The Bobby Julich Chronicles, March 9, 2009
I've recently returned from the Tour of California where I got to witness this wonderful sport from a totally different perspective. As a rider, one tends to see the race and everything that goes on around it with blinders on, but as an ex-pro it was an incredible experience.
My journey to the race, as the rider development manager of Team Saxo Bank, started at our second team training camp in Agoura Hills, California. From the moment I arrived at the team hotel I was busy from dawn until dusk, taking care of things that I used to take for granted as a rider. A rider's day revolves around eating, training and sleeping, but this is not the case for the staff members of any team. There are new challenges that come up every day and when the riders are chilling in their beds recovering or relaxing, it is still "game on" for the staff.
I must admit that much of my workload was of my own doing. As a rider, I was always looking for the best material, techniques and equipment and I figured that since I now had the time and energy to make it happen, I better put my money where my mouth was. It was a lot of work learning how things operate and of course I made some mistakes, but I learned from every one of them.
California, here we come
The build-up was unprecedented and the tension was very noticeable. This was not only obvious from witnessing and hearing about how hard some riders prepared for the race, but also the fan support and media attention that rivals the biggest races in Europe. All the comebacks, drama and back-stories of this race seemed like it could not be scripted any better in Hollywood and the racing was amazing.
The fireworks started at the prologue, and even though I was focused on my job preparing our riders for the event, I felt goose bumps as one big hitter after another filed past our team bus in search of the start line. As the best times continued to drop, our focus switched to Fabian Cancellara. A few days prior to the race Fabian was feeling under the weather and we were all hoping that he would come around on race day.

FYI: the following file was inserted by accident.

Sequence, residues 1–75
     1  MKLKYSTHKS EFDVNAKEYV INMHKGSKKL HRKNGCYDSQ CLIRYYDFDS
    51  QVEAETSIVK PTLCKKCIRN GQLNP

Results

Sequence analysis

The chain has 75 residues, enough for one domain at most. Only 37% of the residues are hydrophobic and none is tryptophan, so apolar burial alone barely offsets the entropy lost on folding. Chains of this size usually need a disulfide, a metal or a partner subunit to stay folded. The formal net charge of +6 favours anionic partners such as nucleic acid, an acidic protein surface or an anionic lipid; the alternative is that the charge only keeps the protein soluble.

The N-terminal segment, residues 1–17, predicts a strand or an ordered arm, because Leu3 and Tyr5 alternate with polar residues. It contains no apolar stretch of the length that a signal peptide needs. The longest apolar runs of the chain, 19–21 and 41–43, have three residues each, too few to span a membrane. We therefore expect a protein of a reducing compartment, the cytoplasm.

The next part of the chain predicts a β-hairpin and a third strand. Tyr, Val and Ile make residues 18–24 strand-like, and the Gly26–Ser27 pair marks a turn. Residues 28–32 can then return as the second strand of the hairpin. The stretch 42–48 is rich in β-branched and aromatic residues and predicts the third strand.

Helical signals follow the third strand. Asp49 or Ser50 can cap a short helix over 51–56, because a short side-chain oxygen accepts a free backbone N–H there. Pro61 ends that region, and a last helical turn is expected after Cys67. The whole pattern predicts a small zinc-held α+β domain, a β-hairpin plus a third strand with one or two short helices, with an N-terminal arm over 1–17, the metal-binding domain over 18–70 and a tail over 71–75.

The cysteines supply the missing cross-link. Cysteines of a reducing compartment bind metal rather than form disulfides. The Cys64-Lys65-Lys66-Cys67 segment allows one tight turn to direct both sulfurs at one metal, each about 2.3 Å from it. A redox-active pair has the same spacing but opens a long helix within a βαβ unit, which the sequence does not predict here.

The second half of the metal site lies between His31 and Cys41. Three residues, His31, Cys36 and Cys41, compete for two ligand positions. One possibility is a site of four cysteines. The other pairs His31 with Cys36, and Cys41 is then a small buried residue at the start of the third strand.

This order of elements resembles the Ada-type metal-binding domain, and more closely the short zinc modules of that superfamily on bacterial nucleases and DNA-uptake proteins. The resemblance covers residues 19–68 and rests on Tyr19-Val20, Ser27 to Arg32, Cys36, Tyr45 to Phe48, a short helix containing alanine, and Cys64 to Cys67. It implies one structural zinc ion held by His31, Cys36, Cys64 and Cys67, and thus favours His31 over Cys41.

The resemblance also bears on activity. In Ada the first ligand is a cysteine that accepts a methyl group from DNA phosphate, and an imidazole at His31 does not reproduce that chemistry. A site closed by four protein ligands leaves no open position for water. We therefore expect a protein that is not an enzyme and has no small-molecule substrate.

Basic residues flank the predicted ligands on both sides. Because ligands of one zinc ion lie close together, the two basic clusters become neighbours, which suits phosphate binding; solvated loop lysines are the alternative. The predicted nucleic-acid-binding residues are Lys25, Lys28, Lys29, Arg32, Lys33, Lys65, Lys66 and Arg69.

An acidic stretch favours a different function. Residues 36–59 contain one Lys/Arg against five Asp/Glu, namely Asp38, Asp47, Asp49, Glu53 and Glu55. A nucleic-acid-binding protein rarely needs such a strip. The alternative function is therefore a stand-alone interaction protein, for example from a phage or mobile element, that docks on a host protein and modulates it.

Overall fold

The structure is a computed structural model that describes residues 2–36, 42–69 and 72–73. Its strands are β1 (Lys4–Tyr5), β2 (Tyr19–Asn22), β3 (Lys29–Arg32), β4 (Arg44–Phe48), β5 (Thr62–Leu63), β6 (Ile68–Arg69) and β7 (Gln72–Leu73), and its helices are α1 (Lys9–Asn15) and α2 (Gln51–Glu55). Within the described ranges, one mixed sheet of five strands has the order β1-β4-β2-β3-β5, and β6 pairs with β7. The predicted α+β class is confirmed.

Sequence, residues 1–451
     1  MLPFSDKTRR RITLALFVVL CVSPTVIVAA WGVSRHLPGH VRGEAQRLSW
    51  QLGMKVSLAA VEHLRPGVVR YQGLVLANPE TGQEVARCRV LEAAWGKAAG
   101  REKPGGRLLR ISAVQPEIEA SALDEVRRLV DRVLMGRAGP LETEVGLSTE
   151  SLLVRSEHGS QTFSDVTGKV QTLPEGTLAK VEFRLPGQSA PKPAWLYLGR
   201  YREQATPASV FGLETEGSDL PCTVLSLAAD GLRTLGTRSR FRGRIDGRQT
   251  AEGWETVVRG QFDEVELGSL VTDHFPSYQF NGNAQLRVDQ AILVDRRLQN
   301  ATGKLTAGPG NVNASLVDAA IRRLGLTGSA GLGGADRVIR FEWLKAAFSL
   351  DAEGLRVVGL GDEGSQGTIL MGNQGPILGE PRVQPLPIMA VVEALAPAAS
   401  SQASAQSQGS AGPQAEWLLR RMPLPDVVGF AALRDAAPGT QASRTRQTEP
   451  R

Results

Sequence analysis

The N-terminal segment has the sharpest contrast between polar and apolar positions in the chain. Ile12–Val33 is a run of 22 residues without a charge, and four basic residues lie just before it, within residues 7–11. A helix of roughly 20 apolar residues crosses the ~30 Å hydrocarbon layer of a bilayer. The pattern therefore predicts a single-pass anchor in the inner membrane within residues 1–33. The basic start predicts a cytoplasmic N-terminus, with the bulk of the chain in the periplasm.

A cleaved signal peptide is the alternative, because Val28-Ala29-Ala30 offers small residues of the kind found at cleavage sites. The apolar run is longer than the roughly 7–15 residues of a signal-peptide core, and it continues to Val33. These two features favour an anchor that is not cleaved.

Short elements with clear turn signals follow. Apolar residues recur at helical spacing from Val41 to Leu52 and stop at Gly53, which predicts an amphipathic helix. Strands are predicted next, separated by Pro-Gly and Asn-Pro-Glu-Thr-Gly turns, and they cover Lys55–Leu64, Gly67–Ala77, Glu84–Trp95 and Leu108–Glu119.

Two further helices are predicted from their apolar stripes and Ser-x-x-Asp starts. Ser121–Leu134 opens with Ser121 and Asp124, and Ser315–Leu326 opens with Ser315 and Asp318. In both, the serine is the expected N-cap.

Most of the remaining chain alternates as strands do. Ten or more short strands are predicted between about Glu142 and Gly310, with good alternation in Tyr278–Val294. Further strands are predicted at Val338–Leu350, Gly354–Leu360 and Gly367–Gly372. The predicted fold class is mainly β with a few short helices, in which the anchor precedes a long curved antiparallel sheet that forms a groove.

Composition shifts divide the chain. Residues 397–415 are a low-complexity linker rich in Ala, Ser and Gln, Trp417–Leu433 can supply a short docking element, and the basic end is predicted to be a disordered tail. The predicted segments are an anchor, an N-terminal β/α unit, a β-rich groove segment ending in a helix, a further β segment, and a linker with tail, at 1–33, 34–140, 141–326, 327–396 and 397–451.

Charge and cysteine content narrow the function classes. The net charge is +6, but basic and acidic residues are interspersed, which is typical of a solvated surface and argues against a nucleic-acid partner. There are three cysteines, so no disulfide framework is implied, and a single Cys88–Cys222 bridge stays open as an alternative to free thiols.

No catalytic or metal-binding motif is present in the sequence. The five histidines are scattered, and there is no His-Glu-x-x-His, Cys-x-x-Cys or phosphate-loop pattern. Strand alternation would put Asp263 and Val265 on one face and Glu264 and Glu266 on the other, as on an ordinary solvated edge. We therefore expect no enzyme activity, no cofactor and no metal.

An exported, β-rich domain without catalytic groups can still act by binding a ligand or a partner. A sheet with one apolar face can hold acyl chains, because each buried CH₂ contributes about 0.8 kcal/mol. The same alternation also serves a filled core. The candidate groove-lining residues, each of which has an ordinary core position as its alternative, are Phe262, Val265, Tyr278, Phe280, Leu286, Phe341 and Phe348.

One hour before his start he was asleep in the back of the bus and not responding to our wishes for him to get on his bike. Less than 45 minutes before his start he stumbled out of the bus and got on the trainer. His face was pale and he pulled me aside and said, "I am feeling bad, but will try my best". This being my first race as part of the staff I felt like freaking out! I wanted to give him some inspirational speech, but all I could muster was a consolatory pat on the back. We gave him his space and just acted like we were not looking at him, but we all were.
He started to get some color back in his face as he entered the zone that only a double world champion and current Olympic champion can obtain. Just then I noticed a distinct odor. Was someone smoking around the riders? NO, it was Fabian's rear wheel burning up on the home trainer. I thought that we had just adjusted it poorly, but when it warped enough to almost send him crashing to the ground I had a feeling that something special was going to happen.
With all the best riders out on course lowering the fastest time by the minute, the anticipation of who would win was at its climax. After Fabian left for his start, I was like every other fan out there...GLUED to the Jumbotron! When he came in with the best time of the day it was such a special moment for the team.
Paris-Nice: A race I know well
Although there has been great racing all over the world so far this season, Paris-Nice is one of the cornerstone races of cycling and it falls into a perfect slot in the calendar to guarantee great racing. Up until now many riders have been taking the races as "training" but now those days are over. Prior to this teams have spread their riders around in different races, but at Paris-Nice you'll have the guys that will be gunning for the overall in addition to the Classics specialists honing their form for the upcoming important one-day events.